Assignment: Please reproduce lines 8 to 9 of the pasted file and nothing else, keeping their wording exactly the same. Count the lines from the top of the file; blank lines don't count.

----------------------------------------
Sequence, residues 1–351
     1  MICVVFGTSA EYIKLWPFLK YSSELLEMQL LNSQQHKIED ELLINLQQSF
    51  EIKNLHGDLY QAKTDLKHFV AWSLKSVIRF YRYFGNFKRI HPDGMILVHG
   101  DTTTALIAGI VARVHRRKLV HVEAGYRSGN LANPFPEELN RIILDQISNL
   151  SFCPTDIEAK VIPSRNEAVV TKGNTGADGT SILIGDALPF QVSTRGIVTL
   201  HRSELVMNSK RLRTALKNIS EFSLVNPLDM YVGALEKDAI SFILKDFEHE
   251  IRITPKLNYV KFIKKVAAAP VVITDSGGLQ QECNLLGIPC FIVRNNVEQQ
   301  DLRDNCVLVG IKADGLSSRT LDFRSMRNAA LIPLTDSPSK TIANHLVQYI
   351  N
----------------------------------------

   301  DLRDNCVLVG IKADGLSSRT LDFRSMRNAA LIPLTDSPSK TIANHLVQYI
   351  N